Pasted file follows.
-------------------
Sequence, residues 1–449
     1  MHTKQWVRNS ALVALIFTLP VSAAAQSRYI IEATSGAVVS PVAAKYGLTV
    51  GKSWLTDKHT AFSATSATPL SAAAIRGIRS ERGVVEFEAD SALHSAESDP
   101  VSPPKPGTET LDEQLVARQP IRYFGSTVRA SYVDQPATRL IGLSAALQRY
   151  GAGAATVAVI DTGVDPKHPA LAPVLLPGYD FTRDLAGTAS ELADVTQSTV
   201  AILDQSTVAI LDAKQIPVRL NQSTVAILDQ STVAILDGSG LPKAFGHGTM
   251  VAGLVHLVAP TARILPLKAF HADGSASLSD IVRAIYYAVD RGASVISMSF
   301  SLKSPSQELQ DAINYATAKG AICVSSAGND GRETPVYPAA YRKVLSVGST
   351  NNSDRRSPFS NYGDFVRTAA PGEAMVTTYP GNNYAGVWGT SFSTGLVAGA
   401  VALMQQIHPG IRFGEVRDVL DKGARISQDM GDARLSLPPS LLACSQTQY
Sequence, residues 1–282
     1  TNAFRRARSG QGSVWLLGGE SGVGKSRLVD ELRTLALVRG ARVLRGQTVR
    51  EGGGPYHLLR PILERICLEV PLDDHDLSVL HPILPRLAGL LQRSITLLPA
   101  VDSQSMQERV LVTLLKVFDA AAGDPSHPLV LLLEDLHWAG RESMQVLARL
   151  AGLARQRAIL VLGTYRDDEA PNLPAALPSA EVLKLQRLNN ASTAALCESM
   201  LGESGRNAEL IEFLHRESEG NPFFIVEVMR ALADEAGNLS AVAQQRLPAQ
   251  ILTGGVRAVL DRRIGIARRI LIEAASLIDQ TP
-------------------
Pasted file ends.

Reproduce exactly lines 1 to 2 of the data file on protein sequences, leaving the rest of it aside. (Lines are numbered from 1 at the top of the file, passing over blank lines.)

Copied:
Sequence, residues 1–449
     1  MHTKQWVRNS ALVALIFTLP VSAAAQSRYI IEATSGAVVS PVAAKYGLTV